Then it was a matter of amusing myself to be ready to catch the afternoon Christchurch-bound railcar at 2.20 pm. That was during the early 1960s. I recall wandering along the line as far as the Kowai viaduct. The new viaduct was completed. Beside it was the remains of the original bridge which lost its central span in a flood on April 22, 1951.

I would be home by 5 pm in time for the evening meal.
Another, weekend option, was taking the Greymouth railcar to Arthurs Pass where I stayed in the YHA. I would spend the rest of the day close to the railway to catch activity involving the Kb. class steam locos and Eo. class electrics.

 Not much happened on Sunday so I went walking in the mountains. About 8 pm on Sunday evening I got the railcar to Christchurch, arriving about 11pm. I rarely relished riding my bike home so late at night, especially if I had dozed on the railcar.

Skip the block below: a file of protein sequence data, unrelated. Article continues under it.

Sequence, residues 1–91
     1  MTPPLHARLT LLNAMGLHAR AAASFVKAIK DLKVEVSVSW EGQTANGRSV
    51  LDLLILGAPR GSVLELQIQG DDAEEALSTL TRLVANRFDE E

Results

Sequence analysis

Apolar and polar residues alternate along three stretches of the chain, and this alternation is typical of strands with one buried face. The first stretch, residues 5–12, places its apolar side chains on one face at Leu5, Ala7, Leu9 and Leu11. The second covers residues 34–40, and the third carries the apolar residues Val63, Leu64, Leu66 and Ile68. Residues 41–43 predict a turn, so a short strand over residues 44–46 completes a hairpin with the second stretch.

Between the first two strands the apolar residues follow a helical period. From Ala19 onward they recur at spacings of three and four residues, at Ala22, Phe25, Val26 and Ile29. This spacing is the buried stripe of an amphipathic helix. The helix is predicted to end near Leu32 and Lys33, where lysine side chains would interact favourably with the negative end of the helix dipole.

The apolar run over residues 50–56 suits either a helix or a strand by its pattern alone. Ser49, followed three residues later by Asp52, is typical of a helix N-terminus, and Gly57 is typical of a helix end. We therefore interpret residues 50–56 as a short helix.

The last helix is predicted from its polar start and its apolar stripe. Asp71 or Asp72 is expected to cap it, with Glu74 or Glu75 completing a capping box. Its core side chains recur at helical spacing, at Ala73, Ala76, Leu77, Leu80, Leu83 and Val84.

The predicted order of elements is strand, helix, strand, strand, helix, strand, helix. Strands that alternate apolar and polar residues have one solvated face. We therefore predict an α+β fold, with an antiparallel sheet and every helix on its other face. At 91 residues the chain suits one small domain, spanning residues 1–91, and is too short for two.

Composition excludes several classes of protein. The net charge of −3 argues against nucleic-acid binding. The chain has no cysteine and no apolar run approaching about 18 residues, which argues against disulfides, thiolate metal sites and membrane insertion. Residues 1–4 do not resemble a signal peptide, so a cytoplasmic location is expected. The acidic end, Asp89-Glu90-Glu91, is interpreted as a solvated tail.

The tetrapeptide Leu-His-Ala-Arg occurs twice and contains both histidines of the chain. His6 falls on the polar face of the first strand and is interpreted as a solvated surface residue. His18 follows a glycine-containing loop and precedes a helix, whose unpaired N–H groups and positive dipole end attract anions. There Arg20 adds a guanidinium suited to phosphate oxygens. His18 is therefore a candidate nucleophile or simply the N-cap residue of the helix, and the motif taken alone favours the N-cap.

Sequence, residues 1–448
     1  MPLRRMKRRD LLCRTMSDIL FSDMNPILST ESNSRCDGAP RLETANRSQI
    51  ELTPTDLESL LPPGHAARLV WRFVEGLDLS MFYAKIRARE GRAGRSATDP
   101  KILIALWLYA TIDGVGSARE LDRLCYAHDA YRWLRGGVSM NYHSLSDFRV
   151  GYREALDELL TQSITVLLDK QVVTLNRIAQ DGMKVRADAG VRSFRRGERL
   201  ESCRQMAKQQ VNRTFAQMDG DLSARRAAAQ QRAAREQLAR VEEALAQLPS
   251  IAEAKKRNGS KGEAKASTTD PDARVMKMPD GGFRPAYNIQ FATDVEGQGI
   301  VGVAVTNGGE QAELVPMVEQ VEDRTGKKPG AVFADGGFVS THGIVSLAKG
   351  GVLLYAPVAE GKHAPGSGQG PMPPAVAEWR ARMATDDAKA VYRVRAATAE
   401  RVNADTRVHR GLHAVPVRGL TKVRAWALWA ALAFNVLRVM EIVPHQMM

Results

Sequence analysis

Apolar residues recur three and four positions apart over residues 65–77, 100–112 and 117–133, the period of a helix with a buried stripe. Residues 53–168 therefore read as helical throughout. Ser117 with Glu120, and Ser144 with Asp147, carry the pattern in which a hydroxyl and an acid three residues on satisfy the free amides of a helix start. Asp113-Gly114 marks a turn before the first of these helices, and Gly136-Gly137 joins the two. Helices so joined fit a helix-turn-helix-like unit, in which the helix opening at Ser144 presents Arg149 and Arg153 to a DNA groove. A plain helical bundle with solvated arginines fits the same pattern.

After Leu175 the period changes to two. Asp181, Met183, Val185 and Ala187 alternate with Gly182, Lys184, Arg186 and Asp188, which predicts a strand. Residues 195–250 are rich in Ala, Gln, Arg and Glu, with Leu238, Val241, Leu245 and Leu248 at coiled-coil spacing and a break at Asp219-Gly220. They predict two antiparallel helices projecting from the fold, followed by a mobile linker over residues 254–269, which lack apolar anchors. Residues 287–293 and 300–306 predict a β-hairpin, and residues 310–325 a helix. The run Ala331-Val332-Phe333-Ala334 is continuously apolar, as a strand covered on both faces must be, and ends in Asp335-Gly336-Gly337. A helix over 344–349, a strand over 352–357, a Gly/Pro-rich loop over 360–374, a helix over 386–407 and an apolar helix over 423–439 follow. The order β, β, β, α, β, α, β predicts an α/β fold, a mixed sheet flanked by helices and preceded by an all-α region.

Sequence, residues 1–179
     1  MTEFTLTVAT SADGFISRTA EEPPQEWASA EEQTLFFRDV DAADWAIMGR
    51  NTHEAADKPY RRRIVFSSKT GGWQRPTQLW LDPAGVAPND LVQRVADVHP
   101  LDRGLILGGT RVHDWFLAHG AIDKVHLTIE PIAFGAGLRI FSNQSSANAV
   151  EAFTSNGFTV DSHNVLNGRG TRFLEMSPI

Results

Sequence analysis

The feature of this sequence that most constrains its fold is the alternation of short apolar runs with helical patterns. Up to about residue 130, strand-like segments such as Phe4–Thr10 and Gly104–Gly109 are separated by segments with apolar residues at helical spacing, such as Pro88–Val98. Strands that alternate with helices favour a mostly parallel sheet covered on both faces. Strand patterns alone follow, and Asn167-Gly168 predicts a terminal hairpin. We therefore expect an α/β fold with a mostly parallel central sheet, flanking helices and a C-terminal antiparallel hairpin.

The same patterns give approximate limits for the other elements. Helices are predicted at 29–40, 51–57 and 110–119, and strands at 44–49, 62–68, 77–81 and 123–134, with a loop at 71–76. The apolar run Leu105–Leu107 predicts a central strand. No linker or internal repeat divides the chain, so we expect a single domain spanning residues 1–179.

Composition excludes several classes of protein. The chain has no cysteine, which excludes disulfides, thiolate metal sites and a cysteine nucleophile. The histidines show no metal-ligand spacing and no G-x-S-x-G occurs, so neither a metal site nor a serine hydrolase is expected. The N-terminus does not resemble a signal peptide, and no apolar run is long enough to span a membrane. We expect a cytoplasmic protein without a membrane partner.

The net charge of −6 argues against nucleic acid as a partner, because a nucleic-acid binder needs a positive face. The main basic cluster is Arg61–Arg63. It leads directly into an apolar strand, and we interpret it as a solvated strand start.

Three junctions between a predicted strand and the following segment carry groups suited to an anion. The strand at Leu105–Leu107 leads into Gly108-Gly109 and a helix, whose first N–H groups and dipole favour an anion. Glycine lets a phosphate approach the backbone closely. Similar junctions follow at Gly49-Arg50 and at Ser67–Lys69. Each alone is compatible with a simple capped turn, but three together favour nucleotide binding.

Arthurs Pass is responsible for my railway passion. My father belonged to the Canterbury Mountaineering Club. So most holidays prior to him getting his first motor car were at Arthurs Pass. We got there aboard the West Coast express departing at 9.50 am. Our never complaining mother carried everything essential for the family of four in improvised carriers. One container had been an unlikely oval hat box. Our father had a back pack, a souvenir from WW2. We always had a cottage to stay in. It would have been built for those working on building the Otira rail tunnel. One cottage was ``Gaya.’’ Formally the tunnel engineer’s dwelling, it was occupied by a colourful Scotsman, Charles Warden.